I’m always on the lookout for good ideas for coloring Easter eggs. My girls are now young adults so our family has years of experience coming up with Easter egg designs and different color combinations.
Having a dozen eggs that are each a different color is fun! I love seeing a carton full of colors!
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In this post, I’ll talk about the classic, easy way to dye eggs, which is especially great for small kids. I’ll also explore some more creative ways to go about Easter egg coloring. Many of these will require items like a spray bottle or shaving cream.
You know your kids and your tolerance for spills and messes best so I’ll let you determine what will work for younger children.
If your kids are too little to color the real thing or someone doesn’t want to dye eggs, you can offer my free Easter egg coloring page book. These pages are adorable and free!
For those looking to get creative with their Easter eggs, here are 13 creative ideas for coloring Easter eggs with the kids.
Why do we Dye Easter Eggs?
Easter eggs are one of the oldest traditions associated with the festival of Easter. But why?
That’s the big question! The exact origins of dying Easter eggs seem to have been a bit lost to time, although there are many theories.
They have been linked to the pagan celebration of spring, symbolizing the rebirth and renewal of nature that comes with the change of season.
But it is believed that the modern tradition of dyeing Easter eggs began in Germany in the 13th century, with the legend of the egg-laying hare.
In Christianity, the egg is a symbol of the resurrection of Jesus Christ, as when an egg is cracked open, a new life emerges from it, as Jesus emerged from his tomb after the resurrection.
Over time the tradition of dyeing eggs became popular throughout Europe and eventually made its way to America.
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Which Eggs to Choose for Colorful Easter Eggs
First, and I say this out of the kindness of my heart, don’t forget to boil your eggs. We’ve all had at least one Easter where we sat down to make beautiful eggs as a family and realized we forgot that we need hard-boiled eggs to begin.
Yes, hard-boiled eggs are the recommended method. Don’t skip this.
White eggs are the quintessential Easter egg starter. But that leads me to a question I see a lot online:
Can you dye brown eggs?
The answer is, yes! While white eggs tend to produce more vibrant colors, brown eggs will produce earth tones. How fun is that?!
But what if you want to keep your creation?
Well, did you know that you can dye plastic eggs? Yes, they make those!
And we haven’t even talked about Cascarónes or Pysanky, the beautiful Mexican and Ukrainian styles of decorating eggs. They’re so unique and fun that I have to at least mention them here, but they probably deserve their own blog post.
Different Ways to Dye your Easter Eggs
Before I explore the many different ways you can dye your Easter eggs, I want to talk for a second about food safety.
If you intend to eat your eggs after dying them, you’ll want to use ingredients that are safe to ingest. Paint, markers, shaving cream, tissue paper & craft glue are not meant for consumption and may leech into the eggs.
If you hope to make deviled eggs or egg salad sandwiches after decorating your eggs, I recommend choosing food-safe substitutes. I’ll talk more about that with each of the different methods below.
1- Dye Kits from the Store
I’d consider this method the classic one for Easter egg decoration.
Using a dye kit from a store is usually pretty easy. Just follow the instructions. The worst that can happen with store-bought kits is the cups or bowls overflow and stain clothing or countertops.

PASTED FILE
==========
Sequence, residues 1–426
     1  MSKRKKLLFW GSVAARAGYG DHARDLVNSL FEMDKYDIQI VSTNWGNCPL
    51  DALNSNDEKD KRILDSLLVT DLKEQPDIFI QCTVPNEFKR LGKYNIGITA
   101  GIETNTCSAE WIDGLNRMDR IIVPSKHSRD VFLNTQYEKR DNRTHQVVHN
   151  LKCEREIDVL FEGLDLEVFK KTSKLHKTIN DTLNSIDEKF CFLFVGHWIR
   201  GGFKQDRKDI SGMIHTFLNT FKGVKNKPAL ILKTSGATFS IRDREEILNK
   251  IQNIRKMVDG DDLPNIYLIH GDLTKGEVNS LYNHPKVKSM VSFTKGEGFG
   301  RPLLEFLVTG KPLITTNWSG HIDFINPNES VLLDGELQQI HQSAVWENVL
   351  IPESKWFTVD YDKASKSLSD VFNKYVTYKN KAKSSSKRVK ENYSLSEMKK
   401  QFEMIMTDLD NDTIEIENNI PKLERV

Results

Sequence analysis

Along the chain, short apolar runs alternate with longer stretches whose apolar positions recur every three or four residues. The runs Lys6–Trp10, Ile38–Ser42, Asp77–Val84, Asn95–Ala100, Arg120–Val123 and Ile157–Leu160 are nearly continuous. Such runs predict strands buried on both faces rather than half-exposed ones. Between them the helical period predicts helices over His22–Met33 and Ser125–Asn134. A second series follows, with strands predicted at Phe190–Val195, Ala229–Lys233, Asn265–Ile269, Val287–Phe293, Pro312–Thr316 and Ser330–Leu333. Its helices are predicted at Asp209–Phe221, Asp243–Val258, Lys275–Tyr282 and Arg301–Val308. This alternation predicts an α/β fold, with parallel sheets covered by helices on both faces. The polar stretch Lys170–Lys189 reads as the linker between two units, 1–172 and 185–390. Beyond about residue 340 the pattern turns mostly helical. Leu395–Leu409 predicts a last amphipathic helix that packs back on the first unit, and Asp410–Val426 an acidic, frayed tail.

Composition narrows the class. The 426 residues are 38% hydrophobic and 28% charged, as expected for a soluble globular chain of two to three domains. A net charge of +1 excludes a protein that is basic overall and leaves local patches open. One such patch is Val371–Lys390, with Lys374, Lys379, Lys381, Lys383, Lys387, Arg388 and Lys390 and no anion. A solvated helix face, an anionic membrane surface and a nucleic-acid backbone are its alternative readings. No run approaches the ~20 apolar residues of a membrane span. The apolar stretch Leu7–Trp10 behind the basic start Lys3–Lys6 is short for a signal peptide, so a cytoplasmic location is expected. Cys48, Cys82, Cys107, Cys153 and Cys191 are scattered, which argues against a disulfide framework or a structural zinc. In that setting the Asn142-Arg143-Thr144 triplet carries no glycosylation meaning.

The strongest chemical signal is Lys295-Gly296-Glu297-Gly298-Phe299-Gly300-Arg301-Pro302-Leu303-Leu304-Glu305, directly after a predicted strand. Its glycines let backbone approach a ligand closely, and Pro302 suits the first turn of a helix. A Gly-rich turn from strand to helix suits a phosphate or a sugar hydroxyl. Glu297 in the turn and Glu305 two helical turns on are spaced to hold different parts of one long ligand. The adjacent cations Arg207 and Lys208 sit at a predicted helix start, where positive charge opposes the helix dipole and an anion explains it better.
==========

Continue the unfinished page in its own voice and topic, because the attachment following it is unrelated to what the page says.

And there are a ton of different kits available with stickers, glitter, and all the supplies you need to create all kinds of fun designs like swirls, ombre effects or egg figurines.
While the ingredients that go into store-bought kits are considered food-safe, they shouldn’t be eaten on their own. If you’re looking for options that use more natural ingredients keep reading!
Safety of Kits from the Store:
Store-bought kits are considered safe for creating Easter eggs that you will later eat, but it’s recommended that you let the colors dry completely before eating them. And you should not eat the dye alone (I’m looking at you little kids).
2- Natural dyes
Natural dyes are a great option for a bunch of reasons.
First, you know exactly what’s going on your kids’ eggs. You don’t have to worry about artificial food dyes which some people are very sensitive to.
Second, if you don’t have food dye on hand, you can still dye eggs with other ingredients you probably already have.
Three, it often feels like we’re losing our ability to get inventive and to use what we have on hand. Let’s teach our kids how to get creative with what’s in front of them instead of making another trip to the store (or Amazon).
Anyway, I’ll get off my soapbox now.
Making natural food dye will take more time as the ingredients often have to be boiled for a while to bring out the deepest colors.
Some great bloggers have shared how they use different ingredients to naturally dye their Easter eggs. So I’m sharing their wisdom with you. Enjoy!
Lara at Family Spice shares her family’s recipes and strategies for natural dyes.
Christina at Little Sprouts Learning also shares some great tips.
Elia with ConservaMom offers ideas that really highlight blueberries
Peter with Peter’s Food Adventures focuses on red cabbage, which, strangely enough, makes blue dye.
Elena from Happy Kitchen shares her grandma’s recipes for dying eggs with onion skins. She also uses twine, rice, and leaves to make amazing patterns!
Tamara from Thriving in Parenting also uses onion skins to create unique designs.
Alli at An Alli Event uses turmeric for her Easter eggs.
Here are a few of the natural bases you can use to create some great colors:
- Chili Powder
- Grape juice
- Red Cabbage
- Red Wine
- Black Tea
- Onion Skins
Safety of Natural Dyes:
With natural dyes, you get the awesome benefit of avoiding artificial colors and sticking to ingredients you know are safe to consume. Of course, you still don’t want your kids to drink any of these concoctions. They probably won’t taste good, the vinegar base will upset their stomach and some recipes will contain caffeine or alcohol.